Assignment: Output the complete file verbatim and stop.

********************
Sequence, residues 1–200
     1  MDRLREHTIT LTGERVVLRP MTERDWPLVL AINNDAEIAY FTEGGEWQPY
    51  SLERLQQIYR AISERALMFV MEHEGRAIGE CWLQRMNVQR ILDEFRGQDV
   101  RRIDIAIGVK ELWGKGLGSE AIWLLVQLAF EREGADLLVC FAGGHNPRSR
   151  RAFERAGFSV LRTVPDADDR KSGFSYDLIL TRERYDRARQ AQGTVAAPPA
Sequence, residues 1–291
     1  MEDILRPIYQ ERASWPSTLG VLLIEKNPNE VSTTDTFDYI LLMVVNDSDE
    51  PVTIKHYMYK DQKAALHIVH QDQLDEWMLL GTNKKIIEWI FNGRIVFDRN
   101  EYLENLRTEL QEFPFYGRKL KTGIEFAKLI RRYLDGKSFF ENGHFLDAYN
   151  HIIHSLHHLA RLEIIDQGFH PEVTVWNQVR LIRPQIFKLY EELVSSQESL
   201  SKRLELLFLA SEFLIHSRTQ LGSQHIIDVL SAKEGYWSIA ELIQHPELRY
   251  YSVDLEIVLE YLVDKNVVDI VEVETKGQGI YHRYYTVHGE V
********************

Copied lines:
Sequence, residues 1–200
     1  MDRLREHTIT LTGERVVLRP MTERDWPLVL AINNDAEIAY FTEGGEWQPY
    51  SLERLQQIYR AISERALMFV MEHEGRAIGE CWLQRMNVQR ILDEFRGQDV
   101  RRIDIAIGVK ELWGKGLGSE AIWLLVQLAF EREGADLLVC FAGGHNPRSR
   151  RAFERAGFSV LRTVPDADDR KSGFSYDLIL TRERYDRARQ AQGTVAAPPA
Sequence, residues 1–291
     1  MEDILRPIYQ ERASWPSTLG VLLIEKNPNE VSTTDTFDYI LLMVVNDSDE
    51  PVTIKHYMYK DQKAALHIVH QDQLDEWMLL GTNKKIIEWI FNGRIVFDRN
   101  EYLENLRTEL QEFPFYGRKL KTGIEFAKLI RRYLDGKSFF ENGHFLDAYN
   151  HIIHSLHHLA RLEIIDQGFH PEVTVWNQVR LIRPQIFKLY EELVSSQESL
   201  SKRLELLFLA SEFLIHSRTQ LGSQHIIDVL SAKEGYWSIA ELIQHPELRY
   251  YSVDLEIVLE YLVDKNVVDI VEVETKGQGI YHRYYTVHGE V